For CCA calibration, 7-hydroxycoumarin-3-carboxylic acid (7OH-CCA, Sigma-Aldrich) was used. For SOSG calibration, 0.5 μM SOSG was reacted with 6% H2O2 and 2% NaOCl. For DHE calibration, 1.5 μM DHE was reacted with 0.5 mM xanthine in 0.9% NaCl and 10 mU/ml xanthine oxidase (Sigma-Aldrich). We report the molarity of each radical species, assuming an equimolar reaction between each probe and its cognate radical.

Hole quenching

Fifty microlitres of 5 mM NP solutions were mixed with 50 μl of 50 μM DHE in either 10 mM formic acid pH 3.5 as a hole scavenger (Puangpetch et al. 2011; Tan et al. 2003) or 10 mM nitric acid pH 3.5 as a control.

Samples were irradiated in 96-well plates, as described and fluorescence measured at Ex 485 nm/Em 590 nm, as described.

Plasmid DNA damage assay

Plasmid pBR322 was extracted from bacteria using Qiagen plasmid midi kits and kept as a 50 ng/μl stock in 10 mM Tris–HCl, pH 8.5. Ten microlitres of plasmid DNA were mixed with 10 μl of 5 mM NP solution in 96-well plates. Solutions were either left untreated or irradiated with 10 Gy of 6-MV X-rays, as described below. Five microlitres of each sample were mixed with 5-μl loading dye (Purple, New England Biolabs) and loaded onto 1% agarose electrophoresis gels containing 0.2 μg/ml ethidium bromide with a running buffer of Tris–borate–EDTA with 0.2 μg/ml ethidium bromide. A 1 kb DNA ladder was also used (Quick-load Purple Plus, New England Biolabs). Gels were run at 110 V for 1 h and then photographed using a G:Box Chemi XX6 gel documentation system (Syngene), ensuring that no image pixels were saturated. DNA band intensities were quantified using the Gel Analysis feature of ImageJ software (version 1.52; NIH).

X-ray irradiation

Plates were sandwiched between two blocks of 10-cm solid water shielding (Gammex) to simulate the location of a deep tumour and X-rays were deposited within the liquid in each well by beam shaping, using a treatment plan based on CT scans of the plates. Plates were irradiated with 10 Gy of 6-MV X-rays at a dose rate of 5 Gy/min using a clinical linear accelerator (Versa HD, Elekta) at GenesisCare, Milton Keynes. The radiation field was 25 × 25 cm and previous calculations with a similar linear accelerator machine have shown that this field size, with 10 cm depth of water and 6-MV photons will produce a broad polychromatic energy spectrum from 0 to 6 MV, with the majority of the photon energies below 1 MeV (Konefal et al. 2015).

Statistical analysis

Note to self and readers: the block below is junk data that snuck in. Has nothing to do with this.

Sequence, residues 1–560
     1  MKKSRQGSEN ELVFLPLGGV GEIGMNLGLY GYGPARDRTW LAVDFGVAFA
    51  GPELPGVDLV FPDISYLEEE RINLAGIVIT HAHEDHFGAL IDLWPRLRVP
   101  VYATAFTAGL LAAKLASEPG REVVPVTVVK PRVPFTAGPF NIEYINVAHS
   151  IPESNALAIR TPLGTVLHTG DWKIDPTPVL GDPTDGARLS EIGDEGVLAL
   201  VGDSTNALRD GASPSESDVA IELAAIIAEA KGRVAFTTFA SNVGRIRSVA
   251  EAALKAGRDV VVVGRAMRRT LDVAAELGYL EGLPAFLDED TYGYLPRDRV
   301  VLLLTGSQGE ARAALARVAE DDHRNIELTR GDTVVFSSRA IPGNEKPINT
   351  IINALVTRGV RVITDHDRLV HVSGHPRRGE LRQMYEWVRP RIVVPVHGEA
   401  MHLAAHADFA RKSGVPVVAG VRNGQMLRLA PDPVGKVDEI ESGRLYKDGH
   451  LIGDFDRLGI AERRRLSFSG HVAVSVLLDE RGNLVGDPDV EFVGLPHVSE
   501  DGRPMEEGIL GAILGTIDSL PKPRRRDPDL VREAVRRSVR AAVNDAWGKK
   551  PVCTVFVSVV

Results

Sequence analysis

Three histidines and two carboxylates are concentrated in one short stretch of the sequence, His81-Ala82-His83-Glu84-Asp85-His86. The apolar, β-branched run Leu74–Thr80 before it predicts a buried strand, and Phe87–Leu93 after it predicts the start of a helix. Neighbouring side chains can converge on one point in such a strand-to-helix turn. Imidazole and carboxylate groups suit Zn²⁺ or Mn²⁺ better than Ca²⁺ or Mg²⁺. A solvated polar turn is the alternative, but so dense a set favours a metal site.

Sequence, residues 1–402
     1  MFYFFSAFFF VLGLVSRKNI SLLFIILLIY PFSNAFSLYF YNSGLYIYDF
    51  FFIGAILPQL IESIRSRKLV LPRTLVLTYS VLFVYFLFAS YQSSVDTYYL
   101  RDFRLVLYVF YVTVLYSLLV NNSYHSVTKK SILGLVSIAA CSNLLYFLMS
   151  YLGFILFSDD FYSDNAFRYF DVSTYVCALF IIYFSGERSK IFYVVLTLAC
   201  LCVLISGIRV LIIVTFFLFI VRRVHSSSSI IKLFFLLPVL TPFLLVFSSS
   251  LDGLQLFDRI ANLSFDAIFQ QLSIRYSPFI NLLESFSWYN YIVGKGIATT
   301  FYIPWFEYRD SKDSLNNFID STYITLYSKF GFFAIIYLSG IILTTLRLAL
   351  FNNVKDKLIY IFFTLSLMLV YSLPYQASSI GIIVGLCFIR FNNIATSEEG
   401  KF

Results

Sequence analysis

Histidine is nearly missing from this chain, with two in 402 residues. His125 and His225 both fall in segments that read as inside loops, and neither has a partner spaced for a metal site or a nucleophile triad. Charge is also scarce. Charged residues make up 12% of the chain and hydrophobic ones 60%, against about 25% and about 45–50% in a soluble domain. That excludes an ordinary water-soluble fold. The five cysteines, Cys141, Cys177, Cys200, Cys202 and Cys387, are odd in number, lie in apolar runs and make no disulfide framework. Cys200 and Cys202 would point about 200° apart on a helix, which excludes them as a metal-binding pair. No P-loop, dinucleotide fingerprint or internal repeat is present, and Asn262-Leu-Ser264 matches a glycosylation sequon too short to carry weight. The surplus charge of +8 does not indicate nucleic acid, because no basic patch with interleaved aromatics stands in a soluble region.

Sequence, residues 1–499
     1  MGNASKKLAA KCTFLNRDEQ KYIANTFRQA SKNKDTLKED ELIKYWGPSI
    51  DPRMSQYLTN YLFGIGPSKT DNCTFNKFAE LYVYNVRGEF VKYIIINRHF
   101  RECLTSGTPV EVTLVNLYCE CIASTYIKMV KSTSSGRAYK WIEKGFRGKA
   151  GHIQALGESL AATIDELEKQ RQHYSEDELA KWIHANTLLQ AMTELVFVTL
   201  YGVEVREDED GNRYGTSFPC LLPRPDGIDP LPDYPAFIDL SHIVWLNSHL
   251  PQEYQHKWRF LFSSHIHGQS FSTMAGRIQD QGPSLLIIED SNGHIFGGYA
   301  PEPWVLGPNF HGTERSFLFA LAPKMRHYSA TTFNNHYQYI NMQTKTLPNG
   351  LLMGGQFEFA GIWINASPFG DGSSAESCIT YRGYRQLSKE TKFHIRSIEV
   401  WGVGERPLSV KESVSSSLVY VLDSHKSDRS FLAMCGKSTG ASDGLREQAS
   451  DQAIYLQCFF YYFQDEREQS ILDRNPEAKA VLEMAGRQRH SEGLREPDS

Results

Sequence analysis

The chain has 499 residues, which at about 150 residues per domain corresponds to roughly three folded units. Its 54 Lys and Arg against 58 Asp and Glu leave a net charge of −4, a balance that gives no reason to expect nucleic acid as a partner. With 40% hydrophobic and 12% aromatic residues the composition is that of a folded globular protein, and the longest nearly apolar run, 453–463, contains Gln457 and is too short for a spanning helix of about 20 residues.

Data from three independent experiments were compared to the no NP control using one-way ANOVA with Dunnett’s multiple comparisons (GraphPad Prism v6 software).

Availability of data and materials

The datasets for the ROS assays are included in the additional information file. All other datasets are available from the corresponding author on reasonable request.





transmission electron microscopy


dynamic light scattering


X-ray diffraction


coumarin-3-carboxylic acid


singlet oxygen sensor green




7-hydroxycoumarin-3-carboxylic acid


reactive oxygen species

e/h+ :


Z :

atomic number


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We thank the radiographers at Genesis Care, Milton Keynes for help with irradiations.

We also thank colleagues at the Open University for technical assistance: Dr Igor Kraev for help with TEM, George Bryant for help with DLS and Dr Matthew Kershaw for help with XRD. Additional thanks to Open University undergraduate students Heather Walsh and Heather Allderidge for pilot work developing radical assays with TiO2 nanoparticles.


This work was funded by grants from the Sir John Mason Academic Trust and Santander Bank. Alexandra Guerreiro is a PhD candidate in the New University of Lisbon RaBBiT doctoral training program and her stipend was provided by Fundação para a Ciências e Tecnologia (FCT/MCTES), Radiation Biology and Biophysics Doctoral Training Programme (RaBBiT, PD/00193/2012); UID/Multi/04378/2013 (UCIBIO); UID/FIS/00068/2013 (CEFITEC); and grant number PD/BD/114450/2016 to Alexandra Guerreiro. None of the funding bodies played any role in the study design, data collection and analysis, or writing of the manuscript.

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AG performed all of the experiments and contributed to study design and data analysis. JG was the primary supervisor and designed the study and data analysis. NC and EC were members of the supervision team and contributed to study design and data analysis. All authors read and approved the final manuscript.

Corresponding author

Correspondence to Jon P. Golding.

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Supplementary information

Additional file 1: Figure S1.

NP TEM images (low and high magnification) and size histograms.

Additional file 2: Figure S2.

DLS data of 2.5 mM NPs in 3% PBS.

Additional file 3: Figure S3.

XRD scans and matches to PowCod database.

Additional file 4.

Excel spreadsheet of raw fluorescence data, plus graphs; and fluorescence-to-molarity calibration curves using different concentrations of oxidised probes.

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Guerreiro, A., Chatterton, N., Crabb, E.M. et al. A comparison of the radiosensitisation ability of 22 different element metal oxide nanoparticles using clinical megavoltage X-rays. Cancer Nano 10, 10 (2019).

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  • Radiosensitiser
  • X-ray
  • Megavoltage
  • Metal oxide
  • Nanoparticle
  • Survey
  • Radicals
  • DNA damage